April 2011 - Posts
Looking across the farms and fields around our parish, on the banks they have large marl holes dug back into them. The marl having been dug and spread across other fields to help improve fertility of the land, it would have been left in spade full lumps and left the winter for the frost to slake it down and would then be harrowed down level the following spring.
These first two pictures are of the same marl pit, on a quick measure up, it seems that over five thousand tons of marl was removed from this dig alone, there must be around thirty such hole in our imidiate area some larger ans some smaller.
I cannot recall anyone in my and my fathers lifetime (the last hundred years) digging marl, nearly all are grass through the bottom and up the sides some are dry having been dug deep enough to have reached a layer of sand or gravel. Others have held water and have been stocked with fish, and others again hold water in winter and dry out during the summer.
This work went on during the winter, using horse and carts, and dug out and loaded with spades or broad tined forks, it was said to reduce acidity and provide fertility before the advent of fertilizers. Some would often be spread on the peat ground, peat being naturally acidic, helping to form a crust on top of the peat to carry the grazing stock during the summer months.
At the top of this picture is the back of our farm and the village, the village church is on the right
Dug the Marl by Hand
Some marl/clay broke up in square pieces called dice marl, this type of marl can be found at the highest point on the estate, there are other types of clay around the area, the brick works was built near the sauce of clay and made bricks for the building work on the estate. You can only imagine the heavy work involve, the huge quantities dug, loaded and spread, going on for over two hundred years, finishing in the early 1900’s,The work all done by the village farm men, all the work they did was with spades and shovels, horse and cart..
In years gone by in days of old, men dug the marl by hand,
A broad tined fork and horse and cart, loaded all by hand,
Drawn out the hole, and to the field, put in ruck’s by hand,
Then spread around to weather down, again all done by hand.
Countryman (Owd Fred)
From the same vantage point by the marl pit (quarter mile back up the fields) a view of our farm from behind (south side) chimneys on the left is the village Pub (recently turn Indian).
Again panning round to the right from the previous photo is the village school in the foreground and St Chads church which fetures in most of my village pictures. More marl pits are in the fields up behind the church and way over the bank as well.
. A bit lazy, I turned to the left to take this picture, its just over half a mile away, of where we were brought up as lads, the Beeches Farm, so named after a dozen beech trees that lined the road junction at that end of the village. There came a violent storm come whirlwind and they caught the eye of the storm and were all up rooted or badly damaged, some new ones were replanted.To the centre and to the left in the picture are some of the old farm tied cottages, that went with the eight village farms.
Quotation: It is very difficult to know people and I don’t think one can ever really know any but ones own countrymen. For men and women are not only themselves; they are also the region in which they are born, city apartment or farm in which they learnt to walk, the games they played as children, the old wives’ tales they overheard, the food they ate, the schools they attended, the sports they followed, the poets they read, and the god they believed in. It is all these things that have made them what they are, and these are the things that you can’t come to know by hearsay, you can only know them if you have lived themW. Somerset Maugham (1874 – 1965)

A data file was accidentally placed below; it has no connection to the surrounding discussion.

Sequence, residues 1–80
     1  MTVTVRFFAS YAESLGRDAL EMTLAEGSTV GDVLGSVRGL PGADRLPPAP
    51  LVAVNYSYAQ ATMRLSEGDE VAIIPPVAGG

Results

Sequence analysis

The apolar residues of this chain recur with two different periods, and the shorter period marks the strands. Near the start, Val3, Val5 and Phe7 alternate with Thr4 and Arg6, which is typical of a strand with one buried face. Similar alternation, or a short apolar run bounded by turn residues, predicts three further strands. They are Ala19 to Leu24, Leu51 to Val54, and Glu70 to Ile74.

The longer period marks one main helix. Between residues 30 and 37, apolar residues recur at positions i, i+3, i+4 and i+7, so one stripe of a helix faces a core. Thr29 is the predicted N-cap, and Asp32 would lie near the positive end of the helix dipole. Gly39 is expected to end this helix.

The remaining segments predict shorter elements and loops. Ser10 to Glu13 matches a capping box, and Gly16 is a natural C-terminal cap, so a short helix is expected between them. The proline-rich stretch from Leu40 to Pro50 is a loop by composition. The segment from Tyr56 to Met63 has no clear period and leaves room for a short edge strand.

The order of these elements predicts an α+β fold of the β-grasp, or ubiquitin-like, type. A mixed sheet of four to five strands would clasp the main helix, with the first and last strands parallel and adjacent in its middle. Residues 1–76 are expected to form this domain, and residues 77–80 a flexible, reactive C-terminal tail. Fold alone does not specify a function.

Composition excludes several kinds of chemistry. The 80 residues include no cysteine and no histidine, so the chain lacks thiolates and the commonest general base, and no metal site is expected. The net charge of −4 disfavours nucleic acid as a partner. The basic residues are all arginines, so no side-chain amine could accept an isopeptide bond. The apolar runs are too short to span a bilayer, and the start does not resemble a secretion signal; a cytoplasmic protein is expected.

A sad end to a good old cow who had produced a calf every year of her productive life.
Every now and then you loose a cow, and in my life time in farming three such cases will stick in my mind forever, one of which died a few days ago.
The very earliest one was when I was at home, and when the cows were brought in for milking we found a cow had just calved and also she had got milk fever. The vet was called and calcium was administered, some under the skin and a bottle into the vein. As she was really flat out, the vet advised propping her up with a good wedge of straw, then when she picks her head up offer her a buckets of water.
This all done the vet gone, but the cow still not up, we left her with the calf across the field where she had calved, to get on with the milking and other regular morning jobs.
It could not have been much more than an hour when we went to see how she was, only to find she had got up and walked (or wobbled) off some where. On further searching she had gone to a pool (or pit) to have a drink of water, gone down again and had drowned in about eighteen inches of water, obviously still very disoriented and unsteady and unable to keep her balance.
This was one of the few occasions when I saw my mother shead a tear over a cow, it is always very upsetting when you loose a cow, but to loose one under your nose so to speak, and in full recovery mode, and in such shallow water with the calf still running about looking for it's mother.
The next one was only about five years ago, it was April time when all the cows are calving, almost all the cows usually calve in the field without any assistance or help, it's the first calf heifer that need to be looked and looked after more closely.
On looking the cows at first light, right near the gate was a cow laying down and laying very still, she had just calved and the calf was up and sucking from its mother whilst mother was lying flat down, this looked very strange, never seen that happen before in my life. On going round the cow I realized that the reason she was so still was that she was dead, and she was lying on her own head which was folded round underneath her and suffocated.
There was no evidence of a struggle, and no evidence of interference from other cows, and could see no obvious reason that she would lay down of her own accord in that position. The calf had been licked and almost dry and just sharp enough to be looking for a drink of milk. A most freak and unusual incident I had ever come across. I did take a few pictures but cannot just bring them up for some reason, so you will just have to form a picture in your own minds.